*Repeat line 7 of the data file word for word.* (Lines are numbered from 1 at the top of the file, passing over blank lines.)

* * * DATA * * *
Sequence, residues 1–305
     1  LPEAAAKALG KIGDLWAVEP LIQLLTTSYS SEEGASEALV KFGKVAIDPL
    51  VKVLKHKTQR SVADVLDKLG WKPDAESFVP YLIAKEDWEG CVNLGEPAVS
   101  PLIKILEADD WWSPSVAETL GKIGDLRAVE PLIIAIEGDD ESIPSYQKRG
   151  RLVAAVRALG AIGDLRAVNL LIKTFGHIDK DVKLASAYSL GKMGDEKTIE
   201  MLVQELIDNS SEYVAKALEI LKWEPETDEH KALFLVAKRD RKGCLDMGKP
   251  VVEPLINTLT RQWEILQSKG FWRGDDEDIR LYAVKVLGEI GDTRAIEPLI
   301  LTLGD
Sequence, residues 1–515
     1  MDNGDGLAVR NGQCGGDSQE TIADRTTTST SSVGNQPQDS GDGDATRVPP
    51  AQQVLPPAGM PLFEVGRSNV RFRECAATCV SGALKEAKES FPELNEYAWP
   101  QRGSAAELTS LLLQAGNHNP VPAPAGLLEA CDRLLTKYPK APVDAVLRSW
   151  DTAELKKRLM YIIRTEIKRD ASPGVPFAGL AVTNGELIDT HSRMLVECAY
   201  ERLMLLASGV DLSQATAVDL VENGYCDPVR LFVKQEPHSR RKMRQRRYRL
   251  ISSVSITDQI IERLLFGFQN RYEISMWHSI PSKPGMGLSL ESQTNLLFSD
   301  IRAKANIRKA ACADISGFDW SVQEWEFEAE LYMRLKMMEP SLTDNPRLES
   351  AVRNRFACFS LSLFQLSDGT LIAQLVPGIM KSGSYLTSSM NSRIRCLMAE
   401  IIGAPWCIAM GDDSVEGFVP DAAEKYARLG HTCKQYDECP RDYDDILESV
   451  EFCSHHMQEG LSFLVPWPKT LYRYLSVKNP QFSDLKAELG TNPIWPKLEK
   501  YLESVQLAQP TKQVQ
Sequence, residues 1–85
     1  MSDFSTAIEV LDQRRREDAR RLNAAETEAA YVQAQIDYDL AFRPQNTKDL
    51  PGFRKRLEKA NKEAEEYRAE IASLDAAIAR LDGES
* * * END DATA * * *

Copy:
   251  VVEPLINTLT RQWEILQSKG FWRGDDEDIR LYAVKVLGEI GDTRAIEPLI